Dunn v Ostwald Construction Materials Pty Ltd [2018] QMC 23

In a recent judgment of the Emerald Magistrates Court, a company has been found guilty of failing to comply with its Cultural Heritage duty of care under the ACH Act and harming Aboriginal Cultural Heritage.  In Dunn v Ostwald Construction Materials Pty Ltd [2018] QMC 23, the Court ordered that the Defendant pay the following costs:

  • a fine of $188,000 for failing to adhere to the duty of care and causing damage;
  • $250,000 towards the costs of repairing or restoring the damage; and
  • $2,519.95 in agreed costs.

The damage arose from quarrying activities which resulted in the destruction of Gumbi Gumbi trees and the displacement of artefacts.  In considering the extent of the damage caused, the Court noted that the damage went beyond just physical damage to particular artefacts and included significant harm to the spiritual culture of the Karingbal people. The damage caused to these values of the traditional owners was significant. 

There was evidence of earlier works on the site, however, the Court was persuaded by the evidence that the damage caused by the Defendant exceeded any previous harm that may have been caused.  Although the Court acknowledged it was not the Defendant's intention to cause harm, there was evidence that, not only had the Defendant failed to carry out searches of the Aboriginal Cultural Heritage Register and Database to determine whether any Cultural Heritage had previously been identified on the site, it in fact knew the site was subject to Cultural Heritage. 

Specifically, the Defendant had been notified and provided by the owner of the site with results of a prior Cultural Heritage survey.  It had also noted an obligation in its Safety Management Plan to "ensure that a request for cultural heritage clearance has been approved".  Despite this knowledge, the Defendant did not make efforts to obtain a Cultural Heritage Management Plan (CHMP), nor did it carry out any of its own enquiries or consult with the Karingbal people (the acknowledged traditional owners of the land).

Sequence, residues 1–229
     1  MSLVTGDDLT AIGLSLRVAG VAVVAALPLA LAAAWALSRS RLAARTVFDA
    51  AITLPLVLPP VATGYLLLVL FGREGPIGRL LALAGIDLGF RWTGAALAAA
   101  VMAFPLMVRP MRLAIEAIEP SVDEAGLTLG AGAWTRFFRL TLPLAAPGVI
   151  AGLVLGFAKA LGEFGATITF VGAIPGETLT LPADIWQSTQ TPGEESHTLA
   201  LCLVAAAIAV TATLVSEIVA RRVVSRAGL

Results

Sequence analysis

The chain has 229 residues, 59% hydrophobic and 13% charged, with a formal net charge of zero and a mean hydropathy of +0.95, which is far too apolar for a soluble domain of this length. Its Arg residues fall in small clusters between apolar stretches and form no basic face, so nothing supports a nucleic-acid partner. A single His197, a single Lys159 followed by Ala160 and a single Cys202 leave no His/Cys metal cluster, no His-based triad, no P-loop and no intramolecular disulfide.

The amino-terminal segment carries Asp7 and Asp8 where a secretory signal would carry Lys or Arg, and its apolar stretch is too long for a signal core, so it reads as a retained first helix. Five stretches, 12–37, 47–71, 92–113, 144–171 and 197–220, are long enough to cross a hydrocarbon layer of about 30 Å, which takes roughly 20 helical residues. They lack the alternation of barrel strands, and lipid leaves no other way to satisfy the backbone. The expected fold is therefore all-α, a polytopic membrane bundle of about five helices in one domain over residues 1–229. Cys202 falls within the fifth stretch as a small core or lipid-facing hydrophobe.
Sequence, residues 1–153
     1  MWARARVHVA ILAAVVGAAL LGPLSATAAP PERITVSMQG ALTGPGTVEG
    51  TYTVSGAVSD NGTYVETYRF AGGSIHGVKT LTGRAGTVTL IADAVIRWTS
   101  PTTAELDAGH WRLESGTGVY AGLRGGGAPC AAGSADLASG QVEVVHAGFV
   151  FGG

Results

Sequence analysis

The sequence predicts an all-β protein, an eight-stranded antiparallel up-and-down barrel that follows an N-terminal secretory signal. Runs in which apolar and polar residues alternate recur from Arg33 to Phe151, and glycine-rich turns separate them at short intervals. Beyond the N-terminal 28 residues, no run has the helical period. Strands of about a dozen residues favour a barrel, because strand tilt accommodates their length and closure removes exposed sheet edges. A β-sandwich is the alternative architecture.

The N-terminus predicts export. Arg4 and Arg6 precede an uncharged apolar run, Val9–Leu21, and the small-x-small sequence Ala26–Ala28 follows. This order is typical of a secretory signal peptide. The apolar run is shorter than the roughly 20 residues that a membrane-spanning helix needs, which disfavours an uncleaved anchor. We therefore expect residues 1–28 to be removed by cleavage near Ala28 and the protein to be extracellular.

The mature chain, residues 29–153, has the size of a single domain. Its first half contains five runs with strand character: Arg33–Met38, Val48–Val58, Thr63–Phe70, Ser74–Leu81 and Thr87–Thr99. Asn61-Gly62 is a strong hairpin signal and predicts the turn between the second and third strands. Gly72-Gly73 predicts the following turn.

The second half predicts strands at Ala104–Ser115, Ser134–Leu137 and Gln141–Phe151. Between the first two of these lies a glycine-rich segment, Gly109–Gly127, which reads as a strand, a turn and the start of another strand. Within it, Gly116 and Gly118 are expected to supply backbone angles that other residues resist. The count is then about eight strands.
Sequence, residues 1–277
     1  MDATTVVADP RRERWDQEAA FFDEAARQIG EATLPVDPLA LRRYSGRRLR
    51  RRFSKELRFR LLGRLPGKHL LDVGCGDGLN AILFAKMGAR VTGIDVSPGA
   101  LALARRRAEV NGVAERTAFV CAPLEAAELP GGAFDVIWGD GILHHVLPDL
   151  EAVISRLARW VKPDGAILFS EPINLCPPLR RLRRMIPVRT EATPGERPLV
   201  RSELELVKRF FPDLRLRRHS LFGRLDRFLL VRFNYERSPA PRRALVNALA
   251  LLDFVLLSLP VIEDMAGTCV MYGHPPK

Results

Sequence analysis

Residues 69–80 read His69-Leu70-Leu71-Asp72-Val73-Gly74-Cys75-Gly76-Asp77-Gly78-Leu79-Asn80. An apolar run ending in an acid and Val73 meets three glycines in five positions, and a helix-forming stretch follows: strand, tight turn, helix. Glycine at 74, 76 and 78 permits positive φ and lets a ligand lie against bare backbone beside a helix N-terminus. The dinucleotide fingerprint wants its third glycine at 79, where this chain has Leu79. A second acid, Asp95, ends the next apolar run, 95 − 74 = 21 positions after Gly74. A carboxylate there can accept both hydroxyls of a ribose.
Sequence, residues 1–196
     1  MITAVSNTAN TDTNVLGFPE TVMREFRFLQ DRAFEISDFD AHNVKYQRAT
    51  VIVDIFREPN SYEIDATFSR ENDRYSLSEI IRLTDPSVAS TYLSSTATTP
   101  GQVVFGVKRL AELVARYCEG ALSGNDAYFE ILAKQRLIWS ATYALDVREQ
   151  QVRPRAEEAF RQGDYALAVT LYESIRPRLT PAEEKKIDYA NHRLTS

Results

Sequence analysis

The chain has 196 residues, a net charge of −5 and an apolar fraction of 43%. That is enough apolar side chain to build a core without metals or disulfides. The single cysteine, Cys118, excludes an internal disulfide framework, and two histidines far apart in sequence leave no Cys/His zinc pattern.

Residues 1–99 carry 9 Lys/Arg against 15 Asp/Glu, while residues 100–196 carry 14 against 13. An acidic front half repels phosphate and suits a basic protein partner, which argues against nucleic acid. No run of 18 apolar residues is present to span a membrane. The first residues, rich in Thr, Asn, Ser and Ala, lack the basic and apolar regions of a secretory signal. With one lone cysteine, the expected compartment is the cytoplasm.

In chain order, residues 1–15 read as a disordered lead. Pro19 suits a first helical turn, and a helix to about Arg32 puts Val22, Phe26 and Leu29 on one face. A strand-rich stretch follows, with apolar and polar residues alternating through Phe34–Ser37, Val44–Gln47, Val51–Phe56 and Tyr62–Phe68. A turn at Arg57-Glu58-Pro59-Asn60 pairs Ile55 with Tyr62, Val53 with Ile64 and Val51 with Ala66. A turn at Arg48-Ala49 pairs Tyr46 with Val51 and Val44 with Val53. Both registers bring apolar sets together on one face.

The Court held that the conduct amounted to gross negligence, and imposed a penalty of 40% of the maximum fine.  The Court went beyond this to impose the first order made under section 27 of the ACH Act requiring a person convicted of unlawfully harming Cultural Heritage to pay to the State an amount towards the cost of repair or restoration of Cultural Heritage.

This is a timely reminder for companies that the duty of care imposed by the ACH Act is a positive duty to take all reasonable and practicable measures to avoid harm to Cultural Heritage.  This may require companies, prior to carrying out their activities, to carry out searches of the Aboriginal Cultural Heritage Register and Database, consider the likelihood of the proposed activities to cause harm as well as the extent of past uses in the affected area and, where appropriate, consult with the Aboriginal party for the area about the carrying out of the activity, which include conducting a Cultural Heritage survey to find out the location and extent of Cultural Heritage in the affected area.

One issue that is not discussed in this decision, and was not pleaded by the Defendant, was the difficulty inherent in any attempt to consult with the Aboriginal party for this particular area.  Under the ACH Act, the Aboriginal party comprises the five individuals who formerly comprised the registered native title claimant for the Karingbal People #2 native title claim.  The five individuals are  apparently irreconcilably  fractured into two camps.  This is an issue as any CHMP or other agreement would have needed to have been agreed with all five individuals. 

The problems within the Aboriginal party in this area highlight some of the difficulties with the requirement for unanimity.  This issue has been addressed for Indigenous land use agreements following amendments to the NTA and will be an issue likely to be considered as part of the "root and branch" review of the ACH Act which is currently proposed by Government.

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Clayton Utz communications are intended to provide commentary and general information. They should not be relied upon as legal advice. Formal legal advice should be sought in particular transactions or on matters of interest arising from this communication. Persons listed may not be admitted in all States and Territories.